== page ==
Four DBSI Principals Found Guilty

After a forty-two day trial, four DBSI principals were found guilty of fraud by a Boise federal jury. Douglas Swenson, Mark Ellison, David Swenson, and Jeremy Swenson were convicted of multiple fraud charges. These charges stemmed from them publically relaying that DBSI was a profitable enterprise with a net worth totaling over a $100 million, but in reality DBSI was an unprofitable Ponzi scheme. All four defendants were convicted of forty-four counts of securities fraud and will be sentenced in late August.

American Pension Services Inc. Faces Fraud Charges

American Pension Services Inc. (APS) and its founder, Curtis L. DeYoung, are facing fraud charges from the Securities and Exchange Commission (SEC) for allegedly investing client funds in questionable high-risk business ventures. APS's clients are said to have lost $22 million. On April 24, 2014, US District Court Judge Robert Shelby froze both APS and DeYoung's assets and placed APS under receivership. The allegations stemmed from 2005 when DeYoung supposedly advised clients to put their money into self-directed individual retirement accounts. DeYoung maintained complete control over their money and provided clients with inaccurate statements regarding the activity in their accounts. According to an Investment News report, "Savers allegedly were told there was $45.9 million in the master trust accounts at the end of 2012, when the balance was really $23.8 million, reflecting a shortage of $22 million."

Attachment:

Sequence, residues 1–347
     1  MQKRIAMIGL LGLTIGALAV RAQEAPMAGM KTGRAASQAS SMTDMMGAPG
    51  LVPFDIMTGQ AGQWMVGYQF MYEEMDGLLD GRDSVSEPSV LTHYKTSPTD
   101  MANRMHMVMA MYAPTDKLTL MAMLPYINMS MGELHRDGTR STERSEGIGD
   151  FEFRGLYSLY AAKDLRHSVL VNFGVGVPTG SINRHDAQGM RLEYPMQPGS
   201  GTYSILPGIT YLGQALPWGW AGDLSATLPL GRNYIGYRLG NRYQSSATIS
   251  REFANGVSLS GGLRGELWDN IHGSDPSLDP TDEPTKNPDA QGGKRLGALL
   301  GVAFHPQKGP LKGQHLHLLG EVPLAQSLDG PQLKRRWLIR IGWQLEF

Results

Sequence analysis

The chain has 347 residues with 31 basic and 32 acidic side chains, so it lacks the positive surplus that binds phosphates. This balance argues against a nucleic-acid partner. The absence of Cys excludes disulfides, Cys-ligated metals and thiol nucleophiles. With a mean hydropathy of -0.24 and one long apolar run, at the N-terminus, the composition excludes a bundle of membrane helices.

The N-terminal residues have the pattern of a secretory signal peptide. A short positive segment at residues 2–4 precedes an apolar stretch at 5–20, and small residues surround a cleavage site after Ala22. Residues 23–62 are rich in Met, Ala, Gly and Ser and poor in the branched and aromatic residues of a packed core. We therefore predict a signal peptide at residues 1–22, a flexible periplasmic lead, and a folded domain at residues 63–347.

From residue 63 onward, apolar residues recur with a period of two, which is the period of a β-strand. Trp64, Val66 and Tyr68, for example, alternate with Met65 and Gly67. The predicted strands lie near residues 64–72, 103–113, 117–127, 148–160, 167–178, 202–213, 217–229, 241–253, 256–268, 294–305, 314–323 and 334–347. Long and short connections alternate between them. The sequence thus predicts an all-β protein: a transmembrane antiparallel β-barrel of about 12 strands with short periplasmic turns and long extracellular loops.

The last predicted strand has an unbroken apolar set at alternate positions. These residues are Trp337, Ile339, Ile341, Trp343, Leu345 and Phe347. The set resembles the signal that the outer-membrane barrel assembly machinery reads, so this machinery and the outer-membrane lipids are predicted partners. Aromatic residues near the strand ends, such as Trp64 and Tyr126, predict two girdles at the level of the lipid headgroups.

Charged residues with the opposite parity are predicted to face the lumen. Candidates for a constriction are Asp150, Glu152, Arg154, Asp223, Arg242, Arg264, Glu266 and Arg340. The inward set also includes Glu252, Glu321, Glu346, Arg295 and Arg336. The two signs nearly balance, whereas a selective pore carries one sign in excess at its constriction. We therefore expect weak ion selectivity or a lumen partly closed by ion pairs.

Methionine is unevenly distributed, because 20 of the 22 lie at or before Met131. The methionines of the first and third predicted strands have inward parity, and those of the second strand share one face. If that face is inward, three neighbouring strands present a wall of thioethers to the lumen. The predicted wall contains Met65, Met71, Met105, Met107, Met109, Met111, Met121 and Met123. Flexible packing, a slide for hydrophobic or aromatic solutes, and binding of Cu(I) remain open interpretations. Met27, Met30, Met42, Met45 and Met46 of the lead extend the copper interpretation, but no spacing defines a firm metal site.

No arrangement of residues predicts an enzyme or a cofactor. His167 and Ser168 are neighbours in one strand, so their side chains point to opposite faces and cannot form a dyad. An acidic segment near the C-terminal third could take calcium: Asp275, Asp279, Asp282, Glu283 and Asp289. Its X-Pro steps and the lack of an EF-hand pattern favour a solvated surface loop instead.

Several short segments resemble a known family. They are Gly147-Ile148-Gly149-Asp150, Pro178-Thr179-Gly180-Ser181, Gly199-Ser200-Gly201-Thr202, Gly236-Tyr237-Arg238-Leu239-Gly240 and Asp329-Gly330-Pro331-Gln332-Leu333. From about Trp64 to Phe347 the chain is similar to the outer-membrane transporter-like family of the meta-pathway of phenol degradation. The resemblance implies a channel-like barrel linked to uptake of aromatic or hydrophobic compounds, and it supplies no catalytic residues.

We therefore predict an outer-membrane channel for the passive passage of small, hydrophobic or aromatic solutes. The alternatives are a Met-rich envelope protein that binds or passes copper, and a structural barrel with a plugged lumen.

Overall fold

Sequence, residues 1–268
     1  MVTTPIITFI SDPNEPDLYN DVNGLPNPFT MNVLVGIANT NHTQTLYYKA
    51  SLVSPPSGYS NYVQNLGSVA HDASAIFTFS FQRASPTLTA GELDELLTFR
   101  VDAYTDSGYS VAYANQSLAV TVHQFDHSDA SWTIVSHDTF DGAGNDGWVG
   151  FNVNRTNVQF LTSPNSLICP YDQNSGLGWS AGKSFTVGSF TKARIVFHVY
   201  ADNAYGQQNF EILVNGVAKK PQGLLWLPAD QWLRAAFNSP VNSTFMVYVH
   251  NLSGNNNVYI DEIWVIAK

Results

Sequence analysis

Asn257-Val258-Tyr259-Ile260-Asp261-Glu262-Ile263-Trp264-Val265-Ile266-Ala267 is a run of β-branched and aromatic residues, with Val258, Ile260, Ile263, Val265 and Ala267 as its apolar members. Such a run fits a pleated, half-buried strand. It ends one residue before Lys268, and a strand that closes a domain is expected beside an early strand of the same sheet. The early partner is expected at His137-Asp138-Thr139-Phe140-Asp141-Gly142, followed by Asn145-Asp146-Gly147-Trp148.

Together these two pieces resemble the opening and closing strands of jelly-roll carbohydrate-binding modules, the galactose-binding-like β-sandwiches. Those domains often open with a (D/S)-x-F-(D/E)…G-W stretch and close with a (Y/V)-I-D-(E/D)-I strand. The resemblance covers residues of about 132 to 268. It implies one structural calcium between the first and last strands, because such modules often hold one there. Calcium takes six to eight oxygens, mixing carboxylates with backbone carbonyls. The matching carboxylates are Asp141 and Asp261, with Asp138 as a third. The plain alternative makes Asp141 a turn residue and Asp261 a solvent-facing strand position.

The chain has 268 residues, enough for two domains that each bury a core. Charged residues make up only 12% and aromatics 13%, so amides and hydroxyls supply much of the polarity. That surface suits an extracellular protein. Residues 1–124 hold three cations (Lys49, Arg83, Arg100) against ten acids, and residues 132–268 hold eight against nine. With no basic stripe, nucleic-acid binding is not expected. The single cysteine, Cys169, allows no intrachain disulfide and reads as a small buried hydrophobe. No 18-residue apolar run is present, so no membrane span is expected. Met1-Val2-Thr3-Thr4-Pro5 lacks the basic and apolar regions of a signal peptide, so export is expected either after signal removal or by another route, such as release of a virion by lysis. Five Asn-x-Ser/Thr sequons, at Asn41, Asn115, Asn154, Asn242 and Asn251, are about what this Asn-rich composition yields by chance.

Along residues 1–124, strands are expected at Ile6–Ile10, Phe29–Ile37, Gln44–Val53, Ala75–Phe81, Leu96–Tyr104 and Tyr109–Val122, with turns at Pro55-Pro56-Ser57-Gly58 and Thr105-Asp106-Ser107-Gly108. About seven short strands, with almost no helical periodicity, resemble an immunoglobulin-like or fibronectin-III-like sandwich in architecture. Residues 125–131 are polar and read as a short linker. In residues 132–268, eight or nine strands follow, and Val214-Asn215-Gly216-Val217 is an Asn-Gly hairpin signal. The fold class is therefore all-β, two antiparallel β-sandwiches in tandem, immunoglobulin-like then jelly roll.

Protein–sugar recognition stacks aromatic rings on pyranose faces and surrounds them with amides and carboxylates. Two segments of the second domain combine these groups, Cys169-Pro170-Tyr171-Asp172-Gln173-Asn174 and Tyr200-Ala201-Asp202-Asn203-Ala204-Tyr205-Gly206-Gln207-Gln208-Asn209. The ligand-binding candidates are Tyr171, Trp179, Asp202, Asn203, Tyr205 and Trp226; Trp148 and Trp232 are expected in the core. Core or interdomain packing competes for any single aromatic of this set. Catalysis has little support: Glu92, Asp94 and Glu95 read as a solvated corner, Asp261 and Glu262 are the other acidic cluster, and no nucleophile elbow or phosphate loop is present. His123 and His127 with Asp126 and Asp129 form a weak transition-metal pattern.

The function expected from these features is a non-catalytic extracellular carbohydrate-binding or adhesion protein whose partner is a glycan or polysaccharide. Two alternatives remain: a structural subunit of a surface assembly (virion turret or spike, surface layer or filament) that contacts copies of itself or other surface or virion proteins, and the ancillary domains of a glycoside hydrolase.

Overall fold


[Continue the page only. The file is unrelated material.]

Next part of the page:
Frederick Advisor Steals $1.2 Million Through Wire Transfers

Travis Wetzel, an advisor from Frederick, Maryland was indicted on wire fraud charges last month. Wetzel was the branch operations manager at Research Financial Strategy, an advisory firm located in Rockville, Maryland. Wetzel allegedly embezzled $1,282,224 from a clients of the firm. On May 9, 2014, FINRA permanently barred Wetzel from the securities industry